9) Lloyd George produced the most controversial budget
David Lloyd George’s ‘People’s Budget’ of 1909-1910 was the UK’s most contentious Finance Bill. Aided by then Liberal colleague Winston Churchill, Lloyd George proposed unprecedented tax increases on Britain’s wealthy to “wage implacable warfare against poverty and squalidness”.
A proposed survey to gauge Increment Value Duty on land sales was dubbed “Lloyd George’s Domesday land survey” by right-wing critics.
3 and a half hours into his speech, Lloyd George lost his voice and was given 30 minutes to recover. After 72 days of parliamentary discussion and 554 votes, the House of Lords rejected Lloyd George’s plans. This prompted an immediate general election, which ultimately led to the People’s Budget being committed into law in 1910, and the removal of the Lords’ veto.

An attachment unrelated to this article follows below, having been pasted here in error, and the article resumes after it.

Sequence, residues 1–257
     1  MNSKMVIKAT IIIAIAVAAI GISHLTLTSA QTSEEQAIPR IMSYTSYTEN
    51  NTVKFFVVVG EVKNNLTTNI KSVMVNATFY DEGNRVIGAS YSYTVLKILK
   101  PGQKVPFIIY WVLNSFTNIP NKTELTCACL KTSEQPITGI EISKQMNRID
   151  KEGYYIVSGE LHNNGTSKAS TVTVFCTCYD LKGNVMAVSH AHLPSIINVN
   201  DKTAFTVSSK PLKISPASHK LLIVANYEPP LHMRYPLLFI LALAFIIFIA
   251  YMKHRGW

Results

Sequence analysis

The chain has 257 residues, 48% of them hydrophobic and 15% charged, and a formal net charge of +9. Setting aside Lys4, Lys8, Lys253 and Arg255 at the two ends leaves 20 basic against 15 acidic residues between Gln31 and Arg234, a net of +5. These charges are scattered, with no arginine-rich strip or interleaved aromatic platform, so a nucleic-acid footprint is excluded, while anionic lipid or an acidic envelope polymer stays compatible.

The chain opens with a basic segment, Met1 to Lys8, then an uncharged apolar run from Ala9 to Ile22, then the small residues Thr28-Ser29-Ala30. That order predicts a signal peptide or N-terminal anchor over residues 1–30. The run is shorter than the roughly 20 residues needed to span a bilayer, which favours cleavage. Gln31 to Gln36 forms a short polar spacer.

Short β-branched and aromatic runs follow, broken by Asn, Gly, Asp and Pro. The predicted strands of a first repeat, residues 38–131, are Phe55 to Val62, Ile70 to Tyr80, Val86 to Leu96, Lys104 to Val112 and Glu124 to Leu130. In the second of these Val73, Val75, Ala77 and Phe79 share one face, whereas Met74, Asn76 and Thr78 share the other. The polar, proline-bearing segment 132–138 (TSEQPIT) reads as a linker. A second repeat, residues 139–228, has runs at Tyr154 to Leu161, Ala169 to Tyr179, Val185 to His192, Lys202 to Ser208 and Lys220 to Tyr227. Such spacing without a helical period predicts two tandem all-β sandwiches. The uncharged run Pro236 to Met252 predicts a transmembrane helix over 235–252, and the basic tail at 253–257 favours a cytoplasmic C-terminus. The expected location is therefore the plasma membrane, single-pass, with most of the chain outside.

10) The secrecy of the budget is highly respected
Even in the leaky world of British politics, revealing the contents of an upcoming budget speech can be costly. In 1936, a tribunal found cabinet minister Jimmy Thomas guilty of leaking budget proposals to a Conservative MP while Thomas was also suspected of informing a business associate for personal gain. Thomas resigned from Stanley Baldwin’s government and then from the House of Commons altogether.
In 1947, Chancellor Hugh Dalton apologised to the House and offered his resignation when The Star printed budget specifics on the morning of his speech. Even as recently as 1996, budget secrecy was so respected that Daily Mirror editor Piers Morgan returned a near-complete copy of Ken Clarke’s budget announcement without publication.